Volkswagen Magazine


a true coup.

Young people from all across the globe come together for the One Young World Summit in Dublin to discuss their future and to break through the barriers of conventional thought. One participant gave us a personal report.

Text Tin Fischer
Photos Olivier Hess

“We really need you!” the workshop leader tells me as I add my email address to the list. They want to contact me soon for an “Innovation Challenge” in Boston. I’m no inventor, but who knows? Maybe I could make a contribution toward traffic safety in future. And only because of these transmitting cows. But more on that later.

The summit meeting One Young World brings together young people from nations all over the world every year to think about the future of the planet. The first summit took place four years ago in London. This time the host city is Dublin, where the summit takes place in an impressive conference centre on the banks of the Liffey. Last year it was in Johannesburg, next year’s location is Bangkok. Over the course of four days, well-known personalities such as Kofi Annan or Bob Geldof give talks on climate change, human rights, social justice and corporate responsibility. In between young political activists, social enterprises and employees of the participating companies present projects.

“Are you the one, the future leader?”, asks Mary Robinson, former President of Ireland and now UN Special Envoy for Climate Change, at the opening ceremony. National flags are waving, and Coldplay’s “I used to rule the world” anthem can be heard. Am I the one? Will I lead the world in some way tomorrow? I don’t know, but at this event we are supposed to shatter the boundaries of conventional thinking – and who knows what sort of ideas we will come up with.

Author Tin, enlightened? There were definitely lots of good ideas.
Mary Robinson appeals to the young attendees’ ideals.

» Are you the one, the future leader? «

Mary Robinson, UN Special Envoy for Climate Change

Right now I’m talking to a young woman from Uruguay about…well, cows, actually. Victoria Alonsoperez doesn’t look at all like someone whose profession is related to agriculture. She is wearing a black blazer, red lipstick and high-heeled shoes in tiger print design. She studied electrical and aviation engineering at university. The 26-year-old was introduced on the stage of the “One Young World” Summit by Alejandro Toledo, the former President of Peru. He entreated her not to migrate to Silicon Valley, but to stay true to her South American homeland.

Not that the request was necessary: “Our customers are in Uruguay”, Victoria says. Her start-up wants to introduce GPS sensors for cattle into the market. Unlike Europe or the US, cattle in South America are free-roaming, and they are frequently spread across thousands of square miles of land. Finding them again is often difficult. Cattle theft is also a problem. Being able to locate them digitally would be a huge advantage. In addition, recording their movement profile and body temperature would allow earlier recognition of illness and epidemics. “We are working with the university and currently testing the business model. Two ranchers are applying the system”, Victoria explains, showing images of the prototypes hanging around the animals’ necks on her laptop. She has already won the ITU Telecom World Young Innovators Competition for the system and wants to bring it to market soon. Right now she is waiting for the first delivery from China.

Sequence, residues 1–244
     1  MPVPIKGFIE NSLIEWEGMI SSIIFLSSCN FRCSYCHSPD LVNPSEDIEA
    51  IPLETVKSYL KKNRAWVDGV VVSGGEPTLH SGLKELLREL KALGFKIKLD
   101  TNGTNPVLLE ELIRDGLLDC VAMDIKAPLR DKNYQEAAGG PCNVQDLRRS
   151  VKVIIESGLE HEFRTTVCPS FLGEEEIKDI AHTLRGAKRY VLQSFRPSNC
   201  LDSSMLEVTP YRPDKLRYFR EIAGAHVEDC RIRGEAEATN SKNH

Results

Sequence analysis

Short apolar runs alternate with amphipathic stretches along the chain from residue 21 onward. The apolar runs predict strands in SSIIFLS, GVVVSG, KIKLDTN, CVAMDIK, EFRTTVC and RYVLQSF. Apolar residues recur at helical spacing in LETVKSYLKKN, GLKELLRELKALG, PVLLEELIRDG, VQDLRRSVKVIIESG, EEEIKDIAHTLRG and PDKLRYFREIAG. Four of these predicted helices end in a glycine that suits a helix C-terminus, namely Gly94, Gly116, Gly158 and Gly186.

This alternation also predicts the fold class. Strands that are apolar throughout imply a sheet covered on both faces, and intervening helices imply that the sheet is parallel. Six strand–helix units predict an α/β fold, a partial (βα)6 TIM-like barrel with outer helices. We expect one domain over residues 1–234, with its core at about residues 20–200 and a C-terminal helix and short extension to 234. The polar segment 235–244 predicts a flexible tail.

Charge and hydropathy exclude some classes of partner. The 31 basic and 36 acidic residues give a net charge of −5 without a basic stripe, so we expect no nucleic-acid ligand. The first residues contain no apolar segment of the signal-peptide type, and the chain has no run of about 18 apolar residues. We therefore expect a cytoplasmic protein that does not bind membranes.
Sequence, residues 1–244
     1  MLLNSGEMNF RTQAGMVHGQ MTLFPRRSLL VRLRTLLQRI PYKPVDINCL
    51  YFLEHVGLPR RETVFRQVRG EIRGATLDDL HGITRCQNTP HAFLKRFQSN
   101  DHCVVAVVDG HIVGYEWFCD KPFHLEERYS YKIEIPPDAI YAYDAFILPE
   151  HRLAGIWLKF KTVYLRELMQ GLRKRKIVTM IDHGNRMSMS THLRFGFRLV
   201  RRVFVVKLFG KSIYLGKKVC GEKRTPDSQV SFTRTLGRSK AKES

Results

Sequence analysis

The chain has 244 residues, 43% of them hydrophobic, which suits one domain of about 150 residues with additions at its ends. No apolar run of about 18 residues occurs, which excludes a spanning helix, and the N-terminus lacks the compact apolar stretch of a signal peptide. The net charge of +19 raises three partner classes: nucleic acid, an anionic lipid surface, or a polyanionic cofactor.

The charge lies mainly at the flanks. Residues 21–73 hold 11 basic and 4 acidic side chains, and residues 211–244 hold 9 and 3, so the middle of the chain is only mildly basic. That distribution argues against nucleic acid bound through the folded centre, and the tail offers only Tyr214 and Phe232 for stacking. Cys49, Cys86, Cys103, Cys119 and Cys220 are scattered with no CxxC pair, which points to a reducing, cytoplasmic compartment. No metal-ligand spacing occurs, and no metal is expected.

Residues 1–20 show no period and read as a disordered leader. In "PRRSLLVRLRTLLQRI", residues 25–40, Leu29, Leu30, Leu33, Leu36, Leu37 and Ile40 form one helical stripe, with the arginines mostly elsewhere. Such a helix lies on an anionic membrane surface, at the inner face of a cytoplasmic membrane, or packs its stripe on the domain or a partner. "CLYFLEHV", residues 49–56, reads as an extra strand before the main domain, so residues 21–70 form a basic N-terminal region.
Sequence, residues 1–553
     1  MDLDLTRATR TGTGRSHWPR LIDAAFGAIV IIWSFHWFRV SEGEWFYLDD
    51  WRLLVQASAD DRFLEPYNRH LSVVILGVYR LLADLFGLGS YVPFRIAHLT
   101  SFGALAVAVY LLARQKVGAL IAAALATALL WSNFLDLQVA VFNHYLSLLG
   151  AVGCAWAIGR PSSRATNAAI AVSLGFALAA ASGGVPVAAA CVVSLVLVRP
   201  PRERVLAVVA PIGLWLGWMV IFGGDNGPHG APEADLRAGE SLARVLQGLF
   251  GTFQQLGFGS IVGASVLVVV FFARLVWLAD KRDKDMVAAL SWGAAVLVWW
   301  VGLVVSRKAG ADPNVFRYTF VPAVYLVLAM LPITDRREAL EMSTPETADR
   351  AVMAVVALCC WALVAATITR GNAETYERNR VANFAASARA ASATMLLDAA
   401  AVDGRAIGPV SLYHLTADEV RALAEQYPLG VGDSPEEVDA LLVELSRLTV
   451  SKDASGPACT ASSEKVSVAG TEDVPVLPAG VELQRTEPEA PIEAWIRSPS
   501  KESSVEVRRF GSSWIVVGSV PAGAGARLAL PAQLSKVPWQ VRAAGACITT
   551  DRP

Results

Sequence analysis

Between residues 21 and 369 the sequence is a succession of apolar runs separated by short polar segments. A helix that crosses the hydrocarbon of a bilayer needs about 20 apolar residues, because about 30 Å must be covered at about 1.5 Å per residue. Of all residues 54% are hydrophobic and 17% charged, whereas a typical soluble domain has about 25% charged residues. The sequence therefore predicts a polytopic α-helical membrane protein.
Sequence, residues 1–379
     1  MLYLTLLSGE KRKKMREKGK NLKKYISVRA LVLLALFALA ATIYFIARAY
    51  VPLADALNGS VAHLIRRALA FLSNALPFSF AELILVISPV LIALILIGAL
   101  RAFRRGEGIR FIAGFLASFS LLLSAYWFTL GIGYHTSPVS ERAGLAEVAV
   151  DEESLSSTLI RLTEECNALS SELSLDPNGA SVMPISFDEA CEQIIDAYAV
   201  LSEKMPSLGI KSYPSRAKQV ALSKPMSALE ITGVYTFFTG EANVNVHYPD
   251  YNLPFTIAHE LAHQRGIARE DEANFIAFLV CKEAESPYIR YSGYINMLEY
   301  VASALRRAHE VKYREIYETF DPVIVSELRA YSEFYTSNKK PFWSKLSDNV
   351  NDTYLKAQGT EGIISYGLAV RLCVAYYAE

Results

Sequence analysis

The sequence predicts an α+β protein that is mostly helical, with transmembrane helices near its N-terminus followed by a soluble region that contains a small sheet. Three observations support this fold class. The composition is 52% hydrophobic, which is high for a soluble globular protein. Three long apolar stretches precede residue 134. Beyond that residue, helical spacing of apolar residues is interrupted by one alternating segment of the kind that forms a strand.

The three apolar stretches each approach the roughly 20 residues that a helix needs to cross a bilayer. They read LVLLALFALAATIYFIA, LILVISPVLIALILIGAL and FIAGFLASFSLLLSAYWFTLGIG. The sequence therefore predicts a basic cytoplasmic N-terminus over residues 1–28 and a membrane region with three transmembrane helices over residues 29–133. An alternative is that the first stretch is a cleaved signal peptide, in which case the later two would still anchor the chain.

Victoria Alonsoperez’s idea: GPS chips for cattle.

The idea is probably still lurking around in my subconscious when I go to the Volkswagen workshop the next day. The topic: sustainable mobility in what are known as “emerging markets” – countries such as India aspiring to become developed markets. It is the second time Volkswagen is a Summit partner. Its hope is that the event will bring as much forward-looking energy to the Group as possible for the company’s future. “To us One Young World is an opportunity to meet young people from NGOs or in politics and listen to them. What is expected of us as a corporation?” says Barbara Lamprecht, responsible for the brand and marketing strategy of Volkswagen cars.

Bernhard Walther starts things off by introducing his project, which he developed in the Gründer-Garage für Soziales Unternehmertum, an organisation that fosters young entrepreneurs and innovative ideas. “I lived in Namibia and saw that people had to spend half their income on taxis”, explains the 29-year-old. His idea is to retrofit regular bicycles and turn them into e-bikes using simple, solar-powered electrical motor construction kits. “It is inexpensive and gives the bicycle – considered the poor people’s transport in Namibia – a cool image”, says Bernhard, who works in a co-working space in Wolfsburg. During a workshop break he lets me try a prototype of his bicycles. I dash across the sail-shaped Samuel Beckett Bridge in front of the conference centre. The electric motor doubles the speed or halves the required energy expenditure, Bernhard promises.

» With solar energy this bicycle is as fast as a moped. That is a glaring hole in sunny Namibia’s market. «

Bernhard Walther, engineer

It is a standard bicycle. Bernhard simply replaced the front tyre with a motorised one, put a rechargeable battery in the bottle holder, and mounted a solar collector on the luggage rack. “This type of retrofitting is not allowed in Germany; e-bikes have to be made from a single mould”, says Bernhard, “which just makes them needlessly expensive.” The motor kit saves money – crucial in Africa.

Bernhard went to Namibia on an internship with the Deutsche Gesellschaft für Internationale Zusammenarbeit (GIZ – a government organisation for international cooperation). He sees the country as a potential e-bike mecca: “The capital Windhoek is actually too hot and too steep for normal bicycles. But they have non-stop sunshine and already a few NGOs that distribute bicycles.” He doesn’t want to give them away, though, and means to sell them on an instalment plan. “It’s the only way to make it sustainable”, in Bernhard’s opinion. He sees students who often have to commute 12 to 18 miles as possible customers.
Commuting appears to strike a chord with many in the ensuing brainstorming session. “I’m often stuck in traffic for hours”, a student from Bangladesh says, “sometimes I even miss exams.”